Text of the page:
|RICHARD ALLEN THORNTON,||
On appeal, Mr. Thornton argues that barring his first federal habeas petition would constitute an unconstitutional suspension of the writ and that he is "in custody" on the 1979 conviction because it is being used to enhance his present sentence. We are in agreement with the district court that the former argument is addressed by Miller v. Marr, 141 F.3d 976, 978 (10th Cir.), cert. denied, 119 S. Ct. 210 (1998), and that Mr. Thornton has not demonstrated that his situation falls within any exception that might render the habeas remedy inadequate or ineffective. Because Mr. Thornton's petition is untimely, we need not reach his "in custody" argument.
We DENY Mr. Thornton's motion for leave to proceed on appeal without prepayment of fees or costs, DENY a certificate of appealability for want of "a substantial showing of the denial of a constitutional right," 28 U.S.C. §
2253(c)(2), and DISMISS the appeal.
Entered for the Court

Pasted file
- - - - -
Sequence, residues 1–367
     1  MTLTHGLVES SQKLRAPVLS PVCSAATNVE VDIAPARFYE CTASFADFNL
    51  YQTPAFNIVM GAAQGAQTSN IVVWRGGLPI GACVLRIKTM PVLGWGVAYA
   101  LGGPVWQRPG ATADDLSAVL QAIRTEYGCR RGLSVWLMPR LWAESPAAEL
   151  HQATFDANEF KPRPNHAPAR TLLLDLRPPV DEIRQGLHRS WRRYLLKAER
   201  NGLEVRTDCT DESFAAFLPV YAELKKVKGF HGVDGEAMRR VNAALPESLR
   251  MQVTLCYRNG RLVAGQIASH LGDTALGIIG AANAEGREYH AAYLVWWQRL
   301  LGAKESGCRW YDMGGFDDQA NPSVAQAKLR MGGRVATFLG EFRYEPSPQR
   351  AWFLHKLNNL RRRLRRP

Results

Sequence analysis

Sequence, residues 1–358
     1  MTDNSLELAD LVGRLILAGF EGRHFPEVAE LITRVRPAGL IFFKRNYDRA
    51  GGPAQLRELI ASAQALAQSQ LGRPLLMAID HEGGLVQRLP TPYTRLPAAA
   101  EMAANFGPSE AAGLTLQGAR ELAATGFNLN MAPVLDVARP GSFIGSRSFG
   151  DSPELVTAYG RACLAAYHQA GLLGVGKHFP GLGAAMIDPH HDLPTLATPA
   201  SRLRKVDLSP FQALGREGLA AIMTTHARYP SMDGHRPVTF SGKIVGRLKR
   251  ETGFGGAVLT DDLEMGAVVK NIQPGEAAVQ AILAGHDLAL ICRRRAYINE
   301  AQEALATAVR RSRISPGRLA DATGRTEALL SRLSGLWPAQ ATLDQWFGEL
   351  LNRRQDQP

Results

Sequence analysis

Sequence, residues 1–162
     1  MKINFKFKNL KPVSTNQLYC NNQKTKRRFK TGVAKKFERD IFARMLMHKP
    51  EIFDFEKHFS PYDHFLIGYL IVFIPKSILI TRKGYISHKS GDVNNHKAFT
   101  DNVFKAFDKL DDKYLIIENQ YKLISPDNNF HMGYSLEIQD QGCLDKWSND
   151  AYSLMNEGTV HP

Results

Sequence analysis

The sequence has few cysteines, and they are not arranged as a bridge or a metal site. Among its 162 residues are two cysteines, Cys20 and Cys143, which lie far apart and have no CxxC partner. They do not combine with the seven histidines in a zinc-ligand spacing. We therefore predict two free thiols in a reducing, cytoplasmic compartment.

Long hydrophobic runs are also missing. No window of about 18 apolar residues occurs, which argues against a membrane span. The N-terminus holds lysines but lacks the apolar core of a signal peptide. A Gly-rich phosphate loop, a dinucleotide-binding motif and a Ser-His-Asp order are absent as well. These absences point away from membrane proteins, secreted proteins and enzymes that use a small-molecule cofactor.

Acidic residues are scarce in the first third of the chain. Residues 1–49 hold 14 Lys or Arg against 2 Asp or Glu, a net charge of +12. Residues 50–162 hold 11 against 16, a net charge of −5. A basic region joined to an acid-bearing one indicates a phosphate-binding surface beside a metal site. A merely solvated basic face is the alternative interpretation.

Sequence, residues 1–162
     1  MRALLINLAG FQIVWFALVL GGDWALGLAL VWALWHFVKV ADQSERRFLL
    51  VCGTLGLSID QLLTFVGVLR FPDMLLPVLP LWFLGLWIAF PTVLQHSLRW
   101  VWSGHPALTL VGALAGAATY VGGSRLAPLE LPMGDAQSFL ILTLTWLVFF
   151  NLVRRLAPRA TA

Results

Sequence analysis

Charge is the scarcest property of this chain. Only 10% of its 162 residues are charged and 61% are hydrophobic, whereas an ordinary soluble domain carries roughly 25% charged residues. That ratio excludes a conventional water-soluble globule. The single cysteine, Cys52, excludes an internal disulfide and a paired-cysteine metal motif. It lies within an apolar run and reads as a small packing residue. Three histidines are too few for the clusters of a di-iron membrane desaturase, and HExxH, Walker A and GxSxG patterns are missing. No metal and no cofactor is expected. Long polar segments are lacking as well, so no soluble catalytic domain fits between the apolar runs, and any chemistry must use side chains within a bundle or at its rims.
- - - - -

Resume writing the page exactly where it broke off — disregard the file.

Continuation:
Paul J. Kelly, Jr.
*. This order and judgment is not binding precedent, except under the doctrines of law of the case, res judicata, and collateral estoppel. This court generally disfavors the citation of orders and judgments; nevertheless, an order and judgment may be cited under the terms and conditions of 10th Cir. R. 36.3.
**. After examining the briefs and the appellate record, this three-judge panel has determined unanimously that oral argument would not be of material assistance in the determination of this appeal. See Fed. R. App. P. 34(a); 10th Cir. R. 34.1 (G). The cause is therefore ordered submitted without oral argument.